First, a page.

Stephanie Burt’s newest collection, We Are Mermaids, is a time capsule of girlhood, a transfiguration of silence into song, a mermaid’s scales rearranged into poems. Each section begins with the unspoken—poems titled with blank space between quotation marks, parentheses holding air—but like the rest of the collection, Burt transforms the invisible into the visible. Each of these introductory poems is an ode to trans women at different points in their lives: women coming out later in life, newly-out trans girls, or the potential of children’s curiosity and gender expansiveness. We Are Mermaids fulfills the promise the speaker makes to herself in the poem “;”:
When challenged about my right
to exist by some precocious reader or editor
who makes my deletion into a helpful suggestion,
I once allowed myself to be struck out;
now, however, I will more likely assert
that I have been around for centuries,
long before anyone asked me to explain.
This collection is a vivacious reconnection to the speaker’s girlhood, even as she asks “what it means / to feel like you’ve come of age too late.” Through first jobs, the briny taste of deli pickles, and comic book guides to trans literature, Burt lets us in to the simultaneity of her past, present, and future.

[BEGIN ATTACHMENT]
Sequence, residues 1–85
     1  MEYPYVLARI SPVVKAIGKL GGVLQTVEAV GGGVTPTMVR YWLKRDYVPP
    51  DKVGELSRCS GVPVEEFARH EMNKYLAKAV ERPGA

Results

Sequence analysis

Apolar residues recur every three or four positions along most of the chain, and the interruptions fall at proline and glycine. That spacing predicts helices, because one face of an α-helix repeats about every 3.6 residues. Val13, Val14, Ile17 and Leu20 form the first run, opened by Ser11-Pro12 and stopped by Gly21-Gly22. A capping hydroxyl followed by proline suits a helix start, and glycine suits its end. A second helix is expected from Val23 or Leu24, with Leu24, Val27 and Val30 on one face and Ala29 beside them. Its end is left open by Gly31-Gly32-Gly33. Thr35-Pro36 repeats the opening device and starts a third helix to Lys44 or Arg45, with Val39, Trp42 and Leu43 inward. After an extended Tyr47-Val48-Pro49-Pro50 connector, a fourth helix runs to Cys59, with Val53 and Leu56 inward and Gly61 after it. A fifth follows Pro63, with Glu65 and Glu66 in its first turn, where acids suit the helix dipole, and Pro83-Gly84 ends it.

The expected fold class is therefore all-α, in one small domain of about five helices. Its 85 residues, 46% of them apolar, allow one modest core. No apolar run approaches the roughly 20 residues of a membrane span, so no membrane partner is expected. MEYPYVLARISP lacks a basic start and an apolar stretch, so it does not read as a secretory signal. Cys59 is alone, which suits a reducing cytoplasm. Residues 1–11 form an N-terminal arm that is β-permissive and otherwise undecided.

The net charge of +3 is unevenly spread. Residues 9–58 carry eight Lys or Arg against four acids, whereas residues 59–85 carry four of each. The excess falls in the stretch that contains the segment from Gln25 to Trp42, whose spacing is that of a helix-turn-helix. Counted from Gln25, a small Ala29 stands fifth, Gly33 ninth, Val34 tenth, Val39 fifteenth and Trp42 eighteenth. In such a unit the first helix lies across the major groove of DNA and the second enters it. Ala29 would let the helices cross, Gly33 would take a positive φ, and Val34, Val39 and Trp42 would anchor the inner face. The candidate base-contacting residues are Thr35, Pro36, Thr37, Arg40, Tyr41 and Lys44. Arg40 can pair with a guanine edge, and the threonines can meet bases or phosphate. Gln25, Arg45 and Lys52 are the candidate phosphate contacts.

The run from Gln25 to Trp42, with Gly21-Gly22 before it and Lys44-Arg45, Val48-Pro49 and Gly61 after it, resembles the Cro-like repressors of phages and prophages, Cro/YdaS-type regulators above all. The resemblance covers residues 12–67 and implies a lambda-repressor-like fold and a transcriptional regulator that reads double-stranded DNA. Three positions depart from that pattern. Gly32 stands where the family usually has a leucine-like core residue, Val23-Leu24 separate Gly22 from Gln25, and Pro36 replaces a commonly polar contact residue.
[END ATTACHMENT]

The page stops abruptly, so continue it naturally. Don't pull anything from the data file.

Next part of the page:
The first section of We Are Mermaids guides us through the speaker’s childhood, tenderly acknowledging her younger self. We move through idyllic childhood pastorals such as “Potomac River, 1982,” in which:
it was all wonderful
the adults were kind
and never neglectful
bringing fresh water and
grapes oranges and juice . . .
you had to hide
to be alone.
The river is surrounded by “goldenrod-bordered / cleared field,” and there is an abundance of fruit, reminiscent of Eden. There is a dramatic irony to the parents trying to anticipate the children’s every need, or what they “might need in the / anticipated future,” knowing that the speaker reminisces about the needs that she is fulfilling now, as an adult, in cultivating her girlhood. And yet, this poem also pushes against the stereotype of trans children and their parents “always knowing”—always able to anticipate one’s future gender, and instead embracing the fluidity and nonbinary approach to life that permeates the collection. Burt builds bridges between childhood and adulthood in this way—the strings between what has changed and what hasn’t. “At the Parkway Deli” the ten-year-old speaker earnestly tells her dad how much she loves “green sour tomatoes that pop . . . half-sours and dills, sliced lengthwise like canoes” while the adult speaker realizes at the beginning of her transition: “How many years / till I found out why trans girls and women crave salt . . . You can know what you need before you know why” as she relishes in the taste of sauerkraut and vinegar. This thematic flavor resurfaces later in the collection at a different deli counter, emphasizing the collection’s circular temporality.